22 Dec Complex Issues Drive Young Marital Age in Southeast Asia
MedicalResearch.com: What is the background for this study?
Response: Although the total prevalence of girls marrying below the UN prescribed minimum age of 18 years has decreased over time, this is mostly due to a decrease in child marriages, <15 years. Marriages during adolescence, between 16-17 years, have increased. Women marring just after 18 years may also experience some of the consequences of those marrying under-age. These patterns are important to recognise because the predictors and consequences of marriage in these age groups are likely to differ.
The aim of our review was to summarise research evidence on why women’s marriage age, independent of early child-bearing, is a major public health issue. In the four South Asian countries of our review, Bangladesh, India, Nepal and Pakistan, marriage precedes reproduction.
MedicalResearch.com:? What are the main findings?
Response: Early marriage matters for public health. Our review of different literatures shows that marriage is the key ‘gateway’ to early-childbearing in South Asian countries. Early marriage has adverse consequences for women’s education, health and nutrition which may propagate multiple penalties to the next generation. Mapping the geographical distribution of under-age marriage in India also reveals the complexity of the issue. Whilst generally, women living in rural areas tend to marry at a younger age compared to those living in urban areas, there are some exceptions.
The increased policy research attention to delaying girls’ marriage age is very encouraging (see https://www.girlsnotbrides.org/). However, we have to better understand why some of the key initiatives have not as yet had the success we expected. For example, in order for increased education to have a greater effect on delaying girls’ marriage, it needs to be supported by other approaches to improve gender equality. This is important because otherwise, the overall status of women in society remains subordinated to their ‘value in marriage markets’.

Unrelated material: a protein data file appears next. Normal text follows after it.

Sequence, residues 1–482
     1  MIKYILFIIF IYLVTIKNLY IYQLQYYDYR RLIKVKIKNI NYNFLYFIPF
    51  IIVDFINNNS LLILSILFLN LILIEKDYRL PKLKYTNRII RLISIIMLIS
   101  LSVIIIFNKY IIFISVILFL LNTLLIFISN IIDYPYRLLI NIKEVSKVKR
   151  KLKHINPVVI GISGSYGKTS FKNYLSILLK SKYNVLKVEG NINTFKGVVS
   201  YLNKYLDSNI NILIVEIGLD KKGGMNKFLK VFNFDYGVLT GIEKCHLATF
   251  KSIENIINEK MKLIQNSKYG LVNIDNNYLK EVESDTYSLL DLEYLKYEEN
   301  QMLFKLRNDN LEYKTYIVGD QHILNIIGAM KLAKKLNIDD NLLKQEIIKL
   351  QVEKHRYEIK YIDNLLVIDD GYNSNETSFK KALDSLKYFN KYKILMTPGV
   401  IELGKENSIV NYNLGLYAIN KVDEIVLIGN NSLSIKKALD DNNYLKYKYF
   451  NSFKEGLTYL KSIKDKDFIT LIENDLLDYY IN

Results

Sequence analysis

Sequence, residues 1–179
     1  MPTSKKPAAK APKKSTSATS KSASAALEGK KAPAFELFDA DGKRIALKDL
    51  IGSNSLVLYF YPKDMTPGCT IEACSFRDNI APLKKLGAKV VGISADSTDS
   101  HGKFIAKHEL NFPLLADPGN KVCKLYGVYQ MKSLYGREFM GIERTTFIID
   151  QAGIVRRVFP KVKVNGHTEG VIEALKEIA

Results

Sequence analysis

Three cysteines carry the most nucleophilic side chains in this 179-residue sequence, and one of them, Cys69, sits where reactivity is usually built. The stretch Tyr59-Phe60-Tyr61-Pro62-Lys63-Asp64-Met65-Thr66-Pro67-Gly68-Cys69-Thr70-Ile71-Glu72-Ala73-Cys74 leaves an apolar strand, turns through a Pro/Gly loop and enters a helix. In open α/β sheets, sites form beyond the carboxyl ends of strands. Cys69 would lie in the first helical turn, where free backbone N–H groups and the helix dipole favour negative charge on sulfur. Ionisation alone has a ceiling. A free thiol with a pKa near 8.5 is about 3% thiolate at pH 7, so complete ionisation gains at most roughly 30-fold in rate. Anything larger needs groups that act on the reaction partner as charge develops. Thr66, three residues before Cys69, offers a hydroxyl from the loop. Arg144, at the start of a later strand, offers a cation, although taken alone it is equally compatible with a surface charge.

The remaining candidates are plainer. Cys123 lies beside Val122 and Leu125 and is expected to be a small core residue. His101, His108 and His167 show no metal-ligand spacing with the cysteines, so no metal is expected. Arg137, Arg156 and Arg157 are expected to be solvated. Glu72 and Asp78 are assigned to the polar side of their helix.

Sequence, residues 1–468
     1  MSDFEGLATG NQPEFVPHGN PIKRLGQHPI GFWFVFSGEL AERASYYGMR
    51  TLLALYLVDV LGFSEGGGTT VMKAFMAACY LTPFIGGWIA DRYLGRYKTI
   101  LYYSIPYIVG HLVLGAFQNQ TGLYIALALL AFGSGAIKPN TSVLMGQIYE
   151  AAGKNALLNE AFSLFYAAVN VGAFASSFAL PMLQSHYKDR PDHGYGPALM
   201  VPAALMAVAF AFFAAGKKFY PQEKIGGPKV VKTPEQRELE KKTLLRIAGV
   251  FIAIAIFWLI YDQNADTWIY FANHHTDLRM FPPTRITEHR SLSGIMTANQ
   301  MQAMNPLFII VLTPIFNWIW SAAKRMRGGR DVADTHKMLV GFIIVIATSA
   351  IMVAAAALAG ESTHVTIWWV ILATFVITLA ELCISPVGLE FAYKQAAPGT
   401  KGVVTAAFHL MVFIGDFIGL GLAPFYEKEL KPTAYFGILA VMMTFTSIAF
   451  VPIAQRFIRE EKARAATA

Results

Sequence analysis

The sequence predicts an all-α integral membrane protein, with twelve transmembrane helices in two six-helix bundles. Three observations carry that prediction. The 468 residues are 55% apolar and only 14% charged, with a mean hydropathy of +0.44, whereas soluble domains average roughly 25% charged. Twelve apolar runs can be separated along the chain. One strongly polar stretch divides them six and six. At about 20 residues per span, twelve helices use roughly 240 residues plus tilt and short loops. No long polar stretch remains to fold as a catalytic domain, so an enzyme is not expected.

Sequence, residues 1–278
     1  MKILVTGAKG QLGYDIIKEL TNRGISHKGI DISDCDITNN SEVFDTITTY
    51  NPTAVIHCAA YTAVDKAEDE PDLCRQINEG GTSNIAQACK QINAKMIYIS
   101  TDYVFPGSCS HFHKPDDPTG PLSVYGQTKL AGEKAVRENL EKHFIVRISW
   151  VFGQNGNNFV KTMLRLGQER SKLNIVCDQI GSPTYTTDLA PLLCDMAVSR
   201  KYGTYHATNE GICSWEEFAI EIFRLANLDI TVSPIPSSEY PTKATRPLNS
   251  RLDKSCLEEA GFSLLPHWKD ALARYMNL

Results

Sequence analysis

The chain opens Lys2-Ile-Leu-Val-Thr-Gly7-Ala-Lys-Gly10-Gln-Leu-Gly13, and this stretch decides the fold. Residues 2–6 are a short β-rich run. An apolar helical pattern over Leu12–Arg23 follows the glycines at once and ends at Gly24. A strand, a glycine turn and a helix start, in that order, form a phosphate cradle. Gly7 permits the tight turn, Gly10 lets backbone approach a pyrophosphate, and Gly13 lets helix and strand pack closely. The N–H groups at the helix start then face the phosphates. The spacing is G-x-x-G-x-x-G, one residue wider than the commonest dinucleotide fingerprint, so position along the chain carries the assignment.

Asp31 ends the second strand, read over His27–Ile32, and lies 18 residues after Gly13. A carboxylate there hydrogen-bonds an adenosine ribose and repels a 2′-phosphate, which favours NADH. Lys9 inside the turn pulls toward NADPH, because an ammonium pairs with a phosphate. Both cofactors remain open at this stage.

MedicalResearch.com: What should clinicians and patients take away from your report?
Response: Public health initiatives aiming to maximise the health of women and their children must first address the multiple factors that shape the age at which women marry. However, marriage is more than a socio-cultural decision. The age at which women marry is also partly shaped by a range of physiological, ecological, and geographical factors. This indicates a complex developmental pathway.
MedicalResearch.com: What recommendations do you have for future research as a result of this study?
Response: To shed more light on this issue, we are using longitudinal data to disentangle the key drivers at the individual level of variable marriage age. We are also keen to look in greater detail at how inter-household dynamics and the autonomy of young brides both manifests in day-to-day living and in consequences for women and children. Geographical mapping of variability in women’s marriage age at regional and sub-regional levels, where possible, may help to improve future policies and interventions.
MedicalResearch.com: Is there anything else you would like to add?
Response: The authors come from different theoretical backgrounds within the social sciences. This has enabled us to combine approaches and literatures across the public health, demographic, geographic, social scientific and policy fields. Our goal was to use this integrated approach to better understand the broader health and social predictors of women’s early marriage age. We also wanted to identify some of the methodological challenges in researching this complex issue.
Any disclosures? We have no disclosures.
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Front. Public Health, 18 October 2017
Women’s Marriage Age Matters for Public Health: A Review of the Broader Health and Social Implications in South Asia
Akanksha A. Marphatia*, Gabriel S. Ambale and Alice M. Reid
Department of Geography, University of Cambridge, Cambridge, United Kingdom
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